Intel’s software-defined silicon will debut with next version of Linux

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Intel’s plans for software-defined silicon (SDSi) will begin to roll out with the next version of the Linux kernel, it has emerged.

The company has been tight-lipped about the SDSi initiative, which says customers will pay additional fees to activate certain features built into their processors. Although Intel has acknowledged the existence of the scheme, it has so far not provided any details on which features can be enabled or disabled and which processors are compatible.

However, a message sent to the Linux kernel mailing list by a Red Hat developer revealed that Intel’s SDSi code will be integrated into the Linux kernel “before the 5.18 merge window,” which begins in late March. The finalized version of Linux 5.18 should land in May.

Intel Software-Defined Silicon

Intel’s flirtation with software-defined silicon first surfaced in fall 2021, when it emerged the company had contributed to the Linux kernel this would activate the dormant features of the processor.

In official statements, the company called the SDSi scheme an experiment that might end up getting nothing. However, as noted The registerit is highly unlikely that Linux maintainers will allow Intel to bloat the kernel as part of an idle experiment.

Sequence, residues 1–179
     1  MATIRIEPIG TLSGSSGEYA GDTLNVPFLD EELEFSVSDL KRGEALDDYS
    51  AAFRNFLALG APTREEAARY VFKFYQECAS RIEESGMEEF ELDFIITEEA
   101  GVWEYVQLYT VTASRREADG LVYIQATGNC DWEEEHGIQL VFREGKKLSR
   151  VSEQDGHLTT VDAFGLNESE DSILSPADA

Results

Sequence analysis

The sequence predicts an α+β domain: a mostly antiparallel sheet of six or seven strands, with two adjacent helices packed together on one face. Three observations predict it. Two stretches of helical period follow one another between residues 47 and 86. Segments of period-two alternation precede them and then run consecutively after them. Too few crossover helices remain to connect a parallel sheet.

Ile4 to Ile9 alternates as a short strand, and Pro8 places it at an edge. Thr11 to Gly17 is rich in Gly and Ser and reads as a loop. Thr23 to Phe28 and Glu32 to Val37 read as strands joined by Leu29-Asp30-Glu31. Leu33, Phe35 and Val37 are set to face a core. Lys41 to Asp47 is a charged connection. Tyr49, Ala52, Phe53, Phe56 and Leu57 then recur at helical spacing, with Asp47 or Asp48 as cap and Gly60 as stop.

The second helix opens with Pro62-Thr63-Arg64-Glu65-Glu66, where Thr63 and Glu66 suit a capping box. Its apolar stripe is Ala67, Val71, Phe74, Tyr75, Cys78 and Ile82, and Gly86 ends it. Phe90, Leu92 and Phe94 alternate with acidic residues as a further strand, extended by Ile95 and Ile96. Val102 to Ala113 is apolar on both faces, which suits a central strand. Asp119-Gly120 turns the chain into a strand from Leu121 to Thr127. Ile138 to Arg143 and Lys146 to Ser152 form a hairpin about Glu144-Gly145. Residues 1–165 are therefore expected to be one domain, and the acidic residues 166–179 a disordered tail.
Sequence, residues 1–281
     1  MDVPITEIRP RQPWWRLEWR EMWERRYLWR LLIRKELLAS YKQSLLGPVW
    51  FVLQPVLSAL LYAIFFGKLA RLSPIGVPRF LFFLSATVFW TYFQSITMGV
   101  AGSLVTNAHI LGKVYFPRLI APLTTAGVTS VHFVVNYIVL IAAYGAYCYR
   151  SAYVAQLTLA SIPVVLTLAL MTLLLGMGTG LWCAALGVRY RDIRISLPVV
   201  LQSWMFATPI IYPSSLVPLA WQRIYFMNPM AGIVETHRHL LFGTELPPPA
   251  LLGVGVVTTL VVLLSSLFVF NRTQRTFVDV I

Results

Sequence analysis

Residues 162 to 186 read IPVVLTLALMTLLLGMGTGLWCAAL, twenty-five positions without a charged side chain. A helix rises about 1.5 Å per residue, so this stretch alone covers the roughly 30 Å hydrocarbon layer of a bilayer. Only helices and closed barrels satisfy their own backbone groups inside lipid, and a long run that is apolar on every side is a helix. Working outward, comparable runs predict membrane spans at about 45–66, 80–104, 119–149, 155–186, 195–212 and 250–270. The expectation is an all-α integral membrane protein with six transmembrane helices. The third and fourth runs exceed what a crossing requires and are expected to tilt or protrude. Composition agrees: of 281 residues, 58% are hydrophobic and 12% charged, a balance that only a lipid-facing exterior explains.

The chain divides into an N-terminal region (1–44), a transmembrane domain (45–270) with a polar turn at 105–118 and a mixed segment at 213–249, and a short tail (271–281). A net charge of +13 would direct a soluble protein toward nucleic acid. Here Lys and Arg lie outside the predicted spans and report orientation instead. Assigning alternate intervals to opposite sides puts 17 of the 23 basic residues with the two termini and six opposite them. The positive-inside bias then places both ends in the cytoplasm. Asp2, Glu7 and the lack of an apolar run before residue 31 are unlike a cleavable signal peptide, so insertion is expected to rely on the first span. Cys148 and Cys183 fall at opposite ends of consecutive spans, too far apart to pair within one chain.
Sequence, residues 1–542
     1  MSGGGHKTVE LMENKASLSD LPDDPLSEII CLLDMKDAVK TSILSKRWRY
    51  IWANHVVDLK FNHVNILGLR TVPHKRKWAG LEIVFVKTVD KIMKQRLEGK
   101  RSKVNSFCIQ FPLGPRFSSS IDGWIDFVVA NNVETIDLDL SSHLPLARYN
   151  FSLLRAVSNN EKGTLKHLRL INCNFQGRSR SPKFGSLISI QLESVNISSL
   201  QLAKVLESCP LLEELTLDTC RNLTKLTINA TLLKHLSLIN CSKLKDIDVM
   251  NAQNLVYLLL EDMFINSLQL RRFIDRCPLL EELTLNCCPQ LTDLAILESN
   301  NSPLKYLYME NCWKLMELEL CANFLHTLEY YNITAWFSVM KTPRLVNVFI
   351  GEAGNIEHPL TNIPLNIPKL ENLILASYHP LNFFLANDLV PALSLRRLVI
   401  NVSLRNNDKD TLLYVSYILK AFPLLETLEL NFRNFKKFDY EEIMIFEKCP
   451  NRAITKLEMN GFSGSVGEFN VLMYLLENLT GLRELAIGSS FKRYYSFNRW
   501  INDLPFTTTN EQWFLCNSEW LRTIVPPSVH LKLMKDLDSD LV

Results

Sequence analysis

Although Intel hasn’t provided any real guidance, the goal may be to reduce the number of specialty Xeon SKUs, instead offering a smaller lineup of processors that allow customers to enable or disable specific features to workload as needed. This would benefit the business from a logistical standpoint, in addition to simplifying the product catalog for IT buyers.

The SDSi system could also allow customers to activate unused processor cores when running irregular but particularly compute-intensive workloads, or when a permanent upgrade is required.

Speculators have suggested that Intel’s next-generation Xeon server chips, codenamed Sapphire Rapids, will be the first to support SDSi. But even if early indications suggest the plans don’t extend beyond Intel’s enterprise and data center offerings, who’s to say SDSi has no place in the processor market either. Office ?

Tech Radar Pro asked Intel for additional information on its work on software-defined silicon.

Going through The register

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